At the top of their food chain, and a sort of super-second appellation (behind Châteauneuf-du-Pape) is Roubine’s Gigondas. They have five hectares of 50-year-old vines on the north side of the Dentelles de Montmirail, with one flat parcel at 150-160 meters on iron-rich red clay and cobbles, and the other is a series of north-facing terraces at 260-300 meters on quartzite, limestone and alluvium. The 2021 blend is 70% Grenache, 15% Mourvedre, and 15% Syrah and renders a deep wine rich in aromas of perfectly ripe blue and red fruits with remarkable earth notes that push through the dense mid-palate flavors of cherry liqueur, black pepper, garrigue and subtle smoke. It’s seamless and already fully integrated, even as early in its life as it is.
What makes Dave Fletcher such a talent is the juxtaposition between his technical confidence and strong opinions with an outward insecurity about what people think of his wines. (This makes him a lot of fun to tease, and I never do this directly if I don’t like the person or the wine.) I don’t think it’s only Dave’s strengths that have brought him to where he is today, it’s also his openness to not only share the technical details of his crafting and vineyard terroirs but to allow us into his thought processes where he not only shares the triumphs of each season but the challenges and how they’ve irreversibly marked the wines. He openly and sometimes painfully admits what he sees as his mistakes in each wine, even when the hair on your arms and neck and sides of your face are goosebumped from the emotion stirred by the Nebbiolo in your glass. There have been many successful wines (I can’t say I’ve had an unsuccessful one) since he started his winery; Dave has progressed quickly and his 2020 Barbarescos are undeniably contenders for the very best he’s done.
Does a wine’s aging potential make it a greater wine than those that may have less potential to age well longer but that have a longer optimal drinking window? Perhaps it does from the point of view of producers and critics because their legacy is important to them, but is it important to us? I think some of them might claim that the 2020s’ more modest tannins could be a hindrance toward aging, but I don’t agree.
California’s legendary Syrah winemaker, Bob Lindquist, from Qupé, told me while at my last restaurant post as a sommelier at Wine Cask in Santa Barbara in the early 2000s, that balance is what’s most important for a wine to age well. We were tasting some of his Bien Nacido Hillside Estate Syrahs after long cellar aging and they were wonderful. I can still taste those wines from that day and see Bob’s earnest eyes inside his glasses, and what he said always stuck with me. Sometimes I think the great Nebbiolo producers put too much value on Nebbiolo’s tannin level; the grape’s talent isn’t always best expressed in the vin de garde form. It’s extremely versatile, from Langhe Nebbiolo to bubbles, as well as its ability to achieve greatness in quite different terroirs, from the calcareous sands and mountainous, Mediterranean climate of the Langhe, but also the acidic igneous and volcanic rocks in the mountain climates of Alto Piemonte and Lombardia.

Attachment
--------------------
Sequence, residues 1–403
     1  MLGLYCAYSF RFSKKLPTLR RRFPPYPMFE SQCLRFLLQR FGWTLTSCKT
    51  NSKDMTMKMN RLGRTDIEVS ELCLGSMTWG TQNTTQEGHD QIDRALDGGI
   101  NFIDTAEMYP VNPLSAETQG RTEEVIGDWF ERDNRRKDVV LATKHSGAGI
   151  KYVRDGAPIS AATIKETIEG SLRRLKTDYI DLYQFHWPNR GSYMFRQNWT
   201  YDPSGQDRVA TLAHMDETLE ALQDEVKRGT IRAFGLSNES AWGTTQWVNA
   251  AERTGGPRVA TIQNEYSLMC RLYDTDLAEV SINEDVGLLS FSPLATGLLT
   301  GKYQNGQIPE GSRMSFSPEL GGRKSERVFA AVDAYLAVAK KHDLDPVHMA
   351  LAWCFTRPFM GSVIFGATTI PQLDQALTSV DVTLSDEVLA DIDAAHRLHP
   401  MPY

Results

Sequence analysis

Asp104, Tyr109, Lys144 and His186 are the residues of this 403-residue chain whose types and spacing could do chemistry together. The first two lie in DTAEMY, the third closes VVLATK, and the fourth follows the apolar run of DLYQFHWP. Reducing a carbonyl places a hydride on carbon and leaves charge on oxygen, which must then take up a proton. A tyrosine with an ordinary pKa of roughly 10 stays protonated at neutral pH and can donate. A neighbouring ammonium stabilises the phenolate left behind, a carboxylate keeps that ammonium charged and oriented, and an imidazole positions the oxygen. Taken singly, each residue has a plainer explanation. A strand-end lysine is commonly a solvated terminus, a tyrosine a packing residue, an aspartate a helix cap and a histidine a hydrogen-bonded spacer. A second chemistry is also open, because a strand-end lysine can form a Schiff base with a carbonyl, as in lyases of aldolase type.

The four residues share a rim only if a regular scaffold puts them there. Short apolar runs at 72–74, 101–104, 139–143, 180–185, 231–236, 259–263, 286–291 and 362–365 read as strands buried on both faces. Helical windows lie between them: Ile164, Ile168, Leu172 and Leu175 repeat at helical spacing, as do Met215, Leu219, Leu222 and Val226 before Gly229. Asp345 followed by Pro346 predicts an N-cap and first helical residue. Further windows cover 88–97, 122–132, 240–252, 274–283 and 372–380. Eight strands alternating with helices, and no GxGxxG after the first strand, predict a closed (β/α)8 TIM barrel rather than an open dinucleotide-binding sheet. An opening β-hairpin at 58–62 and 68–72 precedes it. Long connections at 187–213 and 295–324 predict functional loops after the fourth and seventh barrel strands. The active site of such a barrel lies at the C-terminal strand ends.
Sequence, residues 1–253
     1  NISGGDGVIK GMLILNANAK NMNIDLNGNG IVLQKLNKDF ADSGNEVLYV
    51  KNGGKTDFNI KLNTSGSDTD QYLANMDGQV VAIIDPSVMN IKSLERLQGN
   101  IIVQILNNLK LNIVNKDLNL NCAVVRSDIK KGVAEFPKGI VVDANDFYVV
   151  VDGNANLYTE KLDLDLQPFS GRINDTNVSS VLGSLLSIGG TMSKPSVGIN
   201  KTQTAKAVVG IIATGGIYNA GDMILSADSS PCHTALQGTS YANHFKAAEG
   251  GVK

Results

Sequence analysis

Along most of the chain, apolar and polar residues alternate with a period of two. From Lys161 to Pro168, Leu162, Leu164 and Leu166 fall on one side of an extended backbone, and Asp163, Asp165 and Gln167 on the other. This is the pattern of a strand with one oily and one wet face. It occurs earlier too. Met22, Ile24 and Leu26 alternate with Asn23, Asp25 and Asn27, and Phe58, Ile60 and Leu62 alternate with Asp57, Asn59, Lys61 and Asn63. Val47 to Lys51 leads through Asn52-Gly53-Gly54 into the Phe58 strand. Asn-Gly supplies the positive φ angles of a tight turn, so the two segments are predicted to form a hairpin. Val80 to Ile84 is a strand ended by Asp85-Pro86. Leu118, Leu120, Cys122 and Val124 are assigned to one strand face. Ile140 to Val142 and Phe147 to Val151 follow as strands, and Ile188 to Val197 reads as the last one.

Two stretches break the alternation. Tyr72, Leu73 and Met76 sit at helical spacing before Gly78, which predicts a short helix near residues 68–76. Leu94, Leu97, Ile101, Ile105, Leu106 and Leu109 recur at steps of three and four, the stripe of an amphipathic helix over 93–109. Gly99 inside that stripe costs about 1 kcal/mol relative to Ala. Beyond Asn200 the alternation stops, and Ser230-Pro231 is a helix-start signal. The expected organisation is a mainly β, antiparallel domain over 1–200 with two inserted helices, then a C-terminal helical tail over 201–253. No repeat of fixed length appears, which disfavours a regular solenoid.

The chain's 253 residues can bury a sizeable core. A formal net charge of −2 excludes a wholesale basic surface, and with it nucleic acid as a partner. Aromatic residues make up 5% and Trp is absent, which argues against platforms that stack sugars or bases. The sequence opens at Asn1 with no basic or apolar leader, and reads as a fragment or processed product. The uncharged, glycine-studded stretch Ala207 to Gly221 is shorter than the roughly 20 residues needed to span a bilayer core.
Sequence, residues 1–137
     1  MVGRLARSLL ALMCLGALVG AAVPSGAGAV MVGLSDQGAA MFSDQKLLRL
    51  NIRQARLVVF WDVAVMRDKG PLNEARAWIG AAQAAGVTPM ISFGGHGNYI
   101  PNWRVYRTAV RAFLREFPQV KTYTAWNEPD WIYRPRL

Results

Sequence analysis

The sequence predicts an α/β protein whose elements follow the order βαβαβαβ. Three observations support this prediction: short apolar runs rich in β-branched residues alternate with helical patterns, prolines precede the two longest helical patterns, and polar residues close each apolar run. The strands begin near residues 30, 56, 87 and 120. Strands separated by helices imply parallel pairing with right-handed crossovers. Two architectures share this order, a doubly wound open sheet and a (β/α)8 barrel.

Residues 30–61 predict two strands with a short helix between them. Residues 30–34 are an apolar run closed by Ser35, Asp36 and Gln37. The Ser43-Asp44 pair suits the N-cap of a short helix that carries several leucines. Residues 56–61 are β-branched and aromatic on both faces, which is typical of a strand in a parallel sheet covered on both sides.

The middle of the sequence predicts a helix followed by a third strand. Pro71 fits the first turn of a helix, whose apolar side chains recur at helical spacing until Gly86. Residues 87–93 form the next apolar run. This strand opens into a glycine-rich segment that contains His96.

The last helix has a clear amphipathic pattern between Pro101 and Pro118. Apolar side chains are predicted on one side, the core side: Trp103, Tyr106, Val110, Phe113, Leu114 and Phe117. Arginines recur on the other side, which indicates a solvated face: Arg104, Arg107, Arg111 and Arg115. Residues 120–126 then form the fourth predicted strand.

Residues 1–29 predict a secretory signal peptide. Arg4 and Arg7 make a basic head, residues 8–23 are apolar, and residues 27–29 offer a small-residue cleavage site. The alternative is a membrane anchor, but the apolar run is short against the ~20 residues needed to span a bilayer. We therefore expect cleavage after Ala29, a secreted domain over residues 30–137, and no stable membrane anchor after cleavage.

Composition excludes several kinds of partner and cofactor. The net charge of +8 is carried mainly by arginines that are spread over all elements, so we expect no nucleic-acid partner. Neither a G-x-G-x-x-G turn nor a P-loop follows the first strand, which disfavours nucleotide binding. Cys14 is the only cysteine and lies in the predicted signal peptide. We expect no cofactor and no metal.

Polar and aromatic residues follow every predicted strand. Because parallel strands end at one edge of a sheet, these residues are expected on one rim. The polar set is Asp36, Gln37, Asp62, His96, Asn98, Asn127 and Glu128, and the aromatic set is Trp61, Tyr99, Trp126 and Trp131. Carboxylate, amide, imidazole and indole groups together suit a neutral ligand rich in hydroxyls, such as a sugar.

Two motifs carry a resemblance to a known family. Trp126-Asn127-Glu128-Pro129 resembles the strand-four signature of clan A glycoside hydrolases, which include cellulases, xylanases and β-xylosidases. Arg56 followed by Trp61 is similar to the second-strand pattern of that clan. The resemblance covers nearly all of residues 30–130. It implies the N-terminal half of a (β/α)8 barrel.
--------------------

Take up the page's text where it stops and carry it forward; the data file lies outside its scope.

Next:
I can’t speak for everyone else’s 2020 Barbarescos, but I am a big believer in Dave’s entire range. 2020 Barbaresco and Barolo are sandwiched between some pretty serious years, but for me, it may be the dark horse challenger for the 2019s and 2021s with some producers—not only in the medium tier producers but the uppers too. However, time will tell. Fletcher’s 2020 Barbarescos are readier than the already upfront 2019s, but they don’t seem to lack anything, except stern tannin to fruit balance in their youth.
“I prefer this kind of vintage  because they’re a little rounder and softer to begin with, but Nebbiolo still has plenty of tannin in the background.” -Dave Fletcher
Dave is a university-educated Australian enologist living in Barbaresco since 2009. He also has the area’s coolest cantina (maybe even literally): a remodel of the historic Barbaresco train station. He began working at the famous Ceretto Barolo and Barbaresco cantina as an intern, eventually becoming the head maker of their reds. Now he makes his own wines from more than a dozen vineyards around Barbaresco, Alba and inside the Roero. All vineyards farmed by Dave are either certified organic or under conversion (some with biodynamic practices as well), and leased vineyards worked by their owners are encouraged toward organic farming. In addition to his Barbaresco range, he’s experimenting with local varieties, like Barbera with partial cluster ferments and Arneis orange wine, and others that grow well in his hood, like Chardonnay.
“There wasn’t a lot of rain in the winter and there was almost no snowpack, which led to slow growth. Then in May, it rained a ton and the vegetation took off. Then we went into a dry spell through the summer which took us from saturation to dryness which caused rapid development of the fruit—a hallmark of the vintage. The fruit is super expressive and dense but not as tannic as the 2019s where there was a longer season for slower ripening compared to 2020. I prefer this kind of vintage because they’re a little rounder and softer to begin with but Nebbiolo still has plenty of tannin in the background.”